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Judge in late abortion case linked to conservative Christian charity

(195 Posts)
HoleyGhost Fri 21-Sep-12 19:12:16

" A judge who criticised UK abortion policies while sentencing a woman to eight years in prison for performing her own abortion at a late stage in her pregnancy is one of at least five members of the judiciary with links to a Christian charity which has campaigned for more conservative abortion laws."

Thought this deserved a thread of its own.

Extrospektiv Tue 25-Sep-12 22:10:09

Irrelevant to this- Suzanne Pilley was a born person whose killing was clearly murder under English common law, as were all of the few other "no body" murder cases.

Here, without the body, they cannot prove that the child was born and took their first breath independently of the mother before death, and so the actus reus element of the crime of murder cannot be shown beyond reasonable doubt.

I was accused of putting my religious beliefs first earlier on the thread because I said that before God, Catt is a murderer whether or not the baby was born alive- and now I am defending her from the separate claim that she is (or can be proven to the criminal standard to be) a murderer under the law of this country.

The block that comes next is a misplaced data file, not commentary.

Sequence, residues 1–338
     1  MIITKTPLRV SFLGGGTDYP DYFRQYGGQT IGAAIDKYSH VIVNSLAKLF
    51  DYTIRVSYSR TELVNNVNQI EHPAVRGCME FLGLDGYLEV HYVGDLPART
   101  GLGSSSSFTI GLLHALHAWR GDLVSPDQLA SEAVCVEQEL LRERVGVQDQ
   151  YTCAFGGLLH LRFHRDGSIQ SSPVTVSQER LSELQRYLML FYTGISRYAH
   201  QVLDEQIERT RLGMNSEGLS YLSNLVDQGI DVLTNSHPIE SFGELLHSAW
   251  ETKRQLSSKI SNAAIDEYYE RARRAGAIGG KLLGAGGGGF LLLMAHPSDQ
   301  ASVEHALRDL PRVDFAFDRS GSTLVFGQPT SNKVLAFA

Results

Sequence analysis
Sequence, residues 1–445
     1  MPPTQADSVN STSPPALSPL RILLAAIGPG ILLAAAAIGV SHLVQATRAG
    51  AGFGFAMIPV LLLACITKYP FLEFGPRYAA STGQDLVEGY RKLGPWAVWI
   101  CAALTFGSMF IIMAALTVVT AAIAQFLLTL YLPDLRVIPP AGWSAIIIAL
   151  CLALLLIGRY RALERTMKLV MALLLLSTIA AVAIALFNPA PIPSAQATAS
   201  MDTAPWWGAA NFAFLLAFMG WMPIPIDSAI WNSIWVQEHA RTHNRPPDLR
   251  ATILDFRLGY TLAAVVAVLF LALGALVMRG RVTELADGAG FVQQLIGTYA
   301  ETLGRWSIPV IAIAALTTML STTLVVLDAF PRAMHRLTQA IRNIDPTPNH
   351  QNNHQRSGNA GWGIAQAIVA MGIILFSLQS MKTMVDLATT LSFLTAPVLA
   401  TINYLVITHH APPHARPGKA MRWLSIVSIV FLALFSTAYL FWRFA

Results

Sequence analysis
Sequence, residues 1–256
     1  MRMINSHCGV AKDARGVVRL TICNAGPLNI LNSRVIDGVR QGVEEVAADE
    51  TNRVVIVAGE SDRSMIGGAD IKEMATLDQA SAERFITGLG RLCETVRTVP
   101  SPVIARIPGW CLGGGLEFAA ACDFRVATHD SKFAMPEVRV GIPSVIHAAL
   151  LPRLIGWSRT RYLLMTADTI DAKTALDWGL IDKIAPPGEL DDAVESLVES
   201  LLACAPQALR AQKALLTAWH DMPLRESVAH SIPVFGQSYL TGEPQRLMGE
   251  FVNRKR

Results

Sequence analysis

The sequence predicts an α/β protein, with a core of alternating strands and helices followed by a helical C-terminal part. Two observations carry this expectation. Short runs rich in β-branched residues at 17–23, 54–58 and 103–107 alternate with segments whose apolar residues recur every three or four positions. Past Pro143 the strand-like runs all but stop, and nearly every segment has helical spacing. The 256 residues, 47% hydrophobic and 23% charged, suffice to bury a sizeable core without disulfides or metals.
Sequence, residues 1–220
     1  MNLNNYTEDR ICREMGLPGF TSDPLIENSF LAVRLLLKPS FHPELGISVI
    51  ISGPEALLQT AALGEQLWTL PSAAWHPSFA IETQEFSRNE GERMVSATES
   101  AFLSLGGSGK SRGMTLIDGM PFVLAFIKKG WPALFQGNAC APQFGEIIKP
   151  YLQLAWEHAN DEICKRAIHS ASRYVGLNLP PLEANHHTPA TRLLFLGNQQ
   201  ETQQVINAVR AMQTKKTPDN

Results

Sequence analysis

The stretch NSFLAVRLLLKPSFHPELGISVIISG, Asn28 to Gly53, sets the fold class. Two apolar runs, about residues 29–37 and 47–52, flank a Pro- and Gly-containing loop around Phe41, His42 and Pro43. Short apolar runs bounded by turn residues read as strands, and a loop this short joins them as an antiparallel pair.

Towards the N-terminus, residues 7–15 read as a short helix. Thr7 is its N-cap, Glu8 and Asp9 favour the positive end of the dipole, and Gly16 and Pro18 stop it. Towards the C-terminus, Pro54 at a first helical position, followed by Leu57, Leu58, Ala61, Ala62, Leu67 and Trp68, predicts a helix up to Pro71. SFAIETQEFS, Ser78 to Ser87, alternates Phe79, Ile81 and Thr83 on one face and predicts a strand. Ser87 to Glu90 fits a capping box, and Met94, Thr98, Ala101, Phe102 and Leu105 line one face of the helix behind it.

Just to show I'm not theocratic or extremist once more.

mellen Tue 25-Sep-12 21:37:20

There have been convictions without a body - quite recently there was the Suzanne Pilley case, there have been others too.

MrsTerrysChocolateOrange Tue 25-Sep-12 20:45:30


TheDoctrineOfSnatch Tue 25-Sep-12 20:34:48


MrsTerrysChocolateOrange Tue 25-Sep-12 20:33:47

Doctrine <shakes fist>

edam Tue 25-Sep-12 19:15:42

Easy to be confused about it because habeus corpus does refer to bodies - I think the Latin term is pretty much 'produce the body' but it means 'bring the accused out so we can see you haven't made away with him in your deepest, darkest dungeon' or words to that effect...

Not sure about murder prosecutions where there's no body - I think there have been some but it's very difficult to prove, obviously.

TheDoctrineOfSnatch Tue 25-Sep-12 18:02:05

But I am right about the law until fairly recently being that there had to be a body, aren't I?

TheDoctrineOfSnatch Tue 25-Sep-12 18:01:19

Isn't it? Drat! blush

edam Tue 25-Sep-12 16:55:40

That's not what habeus corpus means. It refers to the accused, not the victim. It means the person who is accused has to be brought before a court - the authorities can't just keep you in prison without due legal process.

hiddenhome Tue 25-Sep-12 16:45:17

She did not have an abortion. She induced labour and then committed infanticide angry She also probably murdered the baby because she refuses to reveal where the body is.